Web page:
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gendarme

[zhahn-dahrm; French zhahn-darm] /ˈʒɑn dɑrm; French ʒɑ̃ˈdarm/
noun, plural gendarmes
[zhahn-dahrmz; French zhahn-darm] /ˈʒɑn dɑrmz; French ʒɑ̃ˈdarm/ (Show IPA)
1.
a police officer in any of several European countries, especially a French police officer.
2.
a soldier, especially in France, serving in an army group acting as armed police with authority over civilians.
3.
(formerly) a cavalryman in charge of a French cavalry squad.
Origin
1540-1550
1540-50; < Middle French, earlier gens d'armes, alteration of gent d'armes people at arms
Dictionary.com Unabridged
Based on the Random House Dictionary, © Random House, Inc. 2014.
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Examples from the web for gendarme
  • The gendarme started scanning the map, which bothered me a bit for two reasons.
  • He was shot by a gendarme after allegedly forcing his way through a roadblock.
  • Authorities also administered beatings in temporary holding cells within police or gendarme facilities.
  • Allegations were also made that authorities administered beatings in temporary holding cells within police or gendarme facilities.
  • gendarme training included respect for human rights.
  • Authorities often administered beatings in temporary holding cells within a police or gendarme facility.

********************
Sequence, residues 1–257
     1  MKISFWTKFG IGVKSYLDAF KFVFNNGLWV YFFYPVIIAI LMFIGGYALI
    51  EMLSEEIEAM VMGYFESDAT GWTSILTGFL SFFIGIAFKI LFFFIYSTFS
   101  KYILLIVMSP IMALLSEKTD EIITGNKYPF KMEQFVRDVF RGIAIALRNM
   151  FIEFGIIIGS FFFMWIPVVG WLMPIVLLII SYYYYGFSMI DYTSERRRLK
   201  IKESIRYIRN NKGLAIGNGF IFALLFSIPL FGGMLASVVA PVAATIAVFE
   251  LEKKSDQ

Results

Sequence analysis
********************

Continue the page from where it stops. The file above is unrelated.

• Authorities administered beatings in temporary holding cells within police or gendarme facilities.
British Dictionary definitions for gendarme

gendarme

/ˈʒɒndɑːm; French ʒɑ̃darm/
noun
1.
a member of the police force in France or in countries formerly influenced or controlled by France
2.
a slang word for a policeman
3.
a sharp pinnacle of rock on a mountain ridge, esp in the Alps
Word Origin
C16: from French, from gens d'armes people of arms
Collins English Dictionary - Complete & Unabridged 2012 Digital Edition
© William Collins Sons & Co. Ltd. 1979, 1986 © HarperCollins
Publishers 1998, 2000, 2003, 2005, 2006, 2007, 2009, 2012
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Word Origin and History for gendarme
n.

1540s, "mounted trooper," from French contraction (14c.) of gens d'armes "men at arms," later applied to military police (1796 in English). Gens is plural of gent "nation, people," from Latin gentem (nominative gens) "race, nation, people" (see genus). Related: Gendarmerie. French also had gens de (la) robe "lawyers," sometimes borrowed in English.

Online Etymology Dictionary, © 2010 Douglas Harper
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